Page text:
Smiling in silent lucidity
Motherhood has made me calm.
I’m sure there are a few people out there finding this slightly hard to believe. Those closest to me have seen the nervous come out like the Cowardly Lion in “The Wizard of Oz.” I’m not saying I’m a big scaredy cat.
But when I’m jostled by pressure or afraid to miss a deadline, it’s usually apparent.
I’m also not trying to brag or make other mothers feeling particularly frantic at the moment feel bad. I’m just as surprised as anyone about this newfound composure. I can only guess it comes with the gravity of realizing I’m now responsible for the health and well-being of a tiny human being.
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Remaining calm really is my best option.
When I first found out I was pregnant — I took the test solely based on a feeling I had — I was admittedly scared out of my mind. So many scenarios flooded my head that it took a few weeks and serious girl talk with my mom and a couple of my best girlfriends to get a grip. I recall my best friends Megan and Kendra reassuring me how great I would be at motherhood, no matter how freaked out I was at the moment. They told me I would just know what to do.
And they were right.
My motherhood journey hasn’t followed nature’s typical path, and even that hasn’t rattled me. Nine months of gestation turned into seven. I lost a hefty amount of blood during my c-section, and my hemoglobin went down to about 6.6 (normal is 12-15), requiring a transfusion. Looking back at the photo of me holding Will that day, sporting an unnatural shade of sickness, I definitely looked the part.
It wasn’t easy being green.
I’ve seen the inside of a hospital more than I cared to in the last nine weeks. Luckily that’s all behind us now, and we’re focusing on the happiness found in bringing a baby home for the first time. Today, Sept. 18, my miracle Will is 2 months old. That seems crazy since he wasn’t even supposed to be here until Tuesday. He has more than doubled his birth weight and is a happy, healthy little guy finally away from beeping machines and feeding tubes.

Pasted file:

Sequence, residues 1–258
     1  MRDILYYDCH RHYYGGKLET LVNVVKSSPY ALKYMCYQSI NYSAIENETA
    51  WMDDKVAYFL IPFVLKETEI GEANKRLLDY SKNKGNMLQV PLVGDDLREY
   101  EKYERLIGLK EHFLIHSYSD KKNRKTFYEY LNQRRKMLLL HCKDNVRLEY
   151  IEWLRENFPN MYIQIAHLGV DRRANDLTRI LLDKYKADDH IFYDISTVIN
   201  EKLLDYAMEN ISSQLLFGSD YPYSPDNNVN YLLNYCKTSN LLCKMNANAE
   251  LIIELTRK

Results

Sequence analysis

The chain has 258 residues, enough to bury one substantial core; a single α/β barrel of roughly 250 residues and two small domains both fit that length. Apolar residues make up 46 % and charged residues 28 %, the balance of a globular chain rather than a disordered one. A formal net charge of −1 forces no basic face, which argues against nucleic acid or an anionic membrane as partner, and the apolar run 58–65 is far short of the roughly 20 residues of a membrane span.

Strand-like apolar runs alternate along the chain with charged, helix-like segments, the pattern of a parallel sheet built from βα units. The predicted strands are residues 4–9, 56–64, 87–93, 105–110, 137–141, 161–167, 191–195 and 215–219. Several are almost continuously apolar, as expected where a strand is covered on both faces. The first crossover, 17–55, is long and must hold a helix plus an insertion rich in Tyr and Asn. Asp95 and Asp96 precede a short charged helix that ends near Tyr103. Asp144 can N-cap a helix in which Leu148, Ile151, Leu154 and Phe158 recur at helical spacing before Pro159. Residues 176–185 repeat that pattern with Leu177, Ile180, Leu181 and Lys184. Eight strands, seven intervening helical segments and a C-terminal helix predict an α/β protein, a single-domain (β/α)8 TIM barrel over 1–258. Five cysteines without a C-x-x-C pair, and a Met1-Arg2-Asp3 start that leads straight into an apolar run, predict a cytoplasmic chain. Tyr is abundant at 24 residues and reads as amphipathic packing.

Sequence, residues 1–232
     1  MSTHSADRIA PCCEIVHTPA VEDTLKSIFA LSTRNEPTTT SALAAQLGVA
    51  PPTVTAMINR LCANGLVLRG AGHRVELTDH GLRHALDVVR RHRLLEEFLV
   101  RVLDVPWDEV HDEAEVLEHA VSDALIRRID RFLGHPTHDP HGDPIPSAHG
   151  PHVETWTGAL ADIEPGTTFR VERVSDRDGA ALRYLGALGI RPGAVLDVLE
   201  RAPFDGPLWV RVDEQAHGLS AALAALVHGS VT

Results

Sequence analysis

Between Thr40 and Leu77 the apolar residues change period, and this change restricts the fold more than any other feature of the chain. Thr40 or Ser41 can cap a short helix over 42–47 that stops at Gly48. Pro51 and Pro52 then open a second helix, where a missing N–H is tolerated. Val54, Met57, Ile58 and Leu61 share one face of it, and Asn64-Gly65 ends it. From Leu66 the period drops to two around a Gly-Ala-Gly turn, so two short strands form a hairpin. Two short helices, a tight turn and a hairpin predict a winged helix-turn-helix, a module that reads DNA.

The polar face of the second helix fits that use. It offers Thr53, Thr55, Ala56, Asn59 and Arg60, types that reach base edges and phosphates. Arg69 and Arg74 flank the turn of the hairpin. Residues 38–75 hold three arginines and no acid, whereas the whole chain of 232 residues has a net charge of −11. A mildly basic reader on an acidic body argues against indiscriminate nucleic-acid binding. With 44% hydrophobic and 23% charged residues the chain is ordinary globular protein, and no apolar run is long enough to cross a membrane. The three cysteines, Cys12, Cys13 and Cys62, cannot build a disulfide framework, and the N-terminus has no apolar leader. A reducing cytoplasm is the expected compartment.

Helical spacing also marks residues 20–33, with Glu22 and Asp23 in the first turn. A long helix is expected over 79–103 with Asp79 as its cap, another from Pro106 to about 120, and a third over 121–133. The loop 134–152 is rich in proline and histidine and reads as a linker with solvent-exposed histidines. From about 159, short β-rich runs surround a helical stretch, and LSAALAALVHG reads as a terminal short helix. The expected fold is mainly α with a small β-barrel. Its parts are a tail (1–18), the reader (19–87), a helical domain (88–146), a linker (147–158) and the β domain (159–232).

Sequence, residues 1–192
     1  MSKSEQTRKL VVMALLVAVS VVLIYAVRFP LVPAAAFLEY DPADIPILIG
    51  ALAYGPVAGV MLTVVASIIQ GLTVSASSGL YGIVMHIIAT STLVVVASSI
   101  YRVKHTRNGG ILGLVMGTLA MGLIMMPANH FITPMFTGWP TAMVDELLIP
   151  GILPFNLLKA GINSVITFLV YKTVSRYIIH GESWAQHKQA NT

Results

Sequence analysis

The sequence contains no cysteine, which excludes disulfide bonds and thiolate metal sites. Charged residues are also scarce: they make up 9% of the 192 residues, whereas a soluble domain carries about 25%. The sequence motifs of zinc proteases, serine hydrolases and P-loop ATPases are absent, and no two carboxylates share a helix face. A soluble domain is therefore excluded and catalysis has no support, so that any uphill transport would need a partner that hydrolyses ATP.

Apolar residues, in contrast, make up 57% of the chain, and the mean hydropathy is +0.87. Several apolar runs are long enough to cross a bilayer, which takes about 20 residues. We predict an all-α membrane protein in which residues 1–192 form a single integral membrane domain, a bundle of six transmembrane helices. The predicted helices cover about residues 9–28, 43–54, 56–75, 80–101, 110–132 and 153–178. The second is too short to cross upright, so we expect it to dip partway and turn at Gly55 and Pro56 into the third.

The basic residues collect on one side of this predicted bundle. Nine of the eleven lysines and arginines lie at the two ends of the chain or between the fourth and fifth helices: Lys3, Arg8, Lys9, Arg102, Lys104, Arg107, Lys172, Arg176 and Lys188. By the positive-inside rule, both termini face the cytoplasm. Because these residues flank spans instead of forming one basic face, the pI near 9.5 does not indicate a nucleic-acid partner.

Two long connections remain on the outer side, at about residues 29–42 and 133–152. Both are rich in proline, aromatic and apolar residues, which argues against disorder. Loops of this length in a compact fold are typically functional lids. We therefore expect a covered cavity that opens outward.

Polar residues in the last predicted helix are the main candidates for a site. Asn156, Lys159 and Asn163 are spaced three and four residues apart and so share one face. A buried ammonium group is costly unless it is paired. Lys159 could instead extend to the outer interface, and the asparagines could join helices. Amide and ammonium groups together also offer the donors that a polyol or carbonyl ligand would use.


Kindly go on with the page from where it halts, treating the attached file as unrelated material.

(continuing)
Eating and sleeping are definitely his thing.
From that warm July day I called Megan, also a nurse along with being a mom, to ask if I should be leaking fluid at 30 weeks, to the moment my doctor confirmed I had a tear in my amniotic sac at the hospital, I felt a sense of calm. I can’t really explain how that’s possible, outside of the funky effects of the magnesium drip I was on, considering all the things that could have gone wrong. There was just something inside me reassuring me that everything was going to be okay.
Somehow, I didn’t panic.
Even when I went into labor 10 days into a five-week hospital bed rest, I stayed focused. Or when he was coming into the world feet first, requiring emergency surgery, I didn’t lose my cool. Or when he had reflux or apnea and held his breath when sleeping and eating in the early days of life, causing his heart rate to dip, I kept it together. That’s what we look for our mothers to do.
That’s the best kind of comfort.
I had a brief moment of frenzy two days before Will came home. Panic ensued. Extra diapers, bottles and washcloths were purchased at the last minute. I hear that’s perfectly normal, for a mom to wonder how the heck she’s going to do it all with a brand new person who needs her for everything. I’m positive I would’ve had the same anxiety this week, since my due date was Sept. 22. That feeling soon passed — although I know I will feel it again when I give him his first full bath. The sheer joy of listening to his sweet baby sounds when he eats and watching him quietly sleep in his bassinet have eclipsed all that ever caused me worry. He is perfect in every way, and Mommy’s little angel.
I say that with all the peace and tranquility a mother can offer.
April E. Clark can’t thank the nurses and doctors at St. Vincent’s Women’s Hospital enough for helping Will grow. She’s forever grateful. She can be reached at aprilelizabethclark@gmail.
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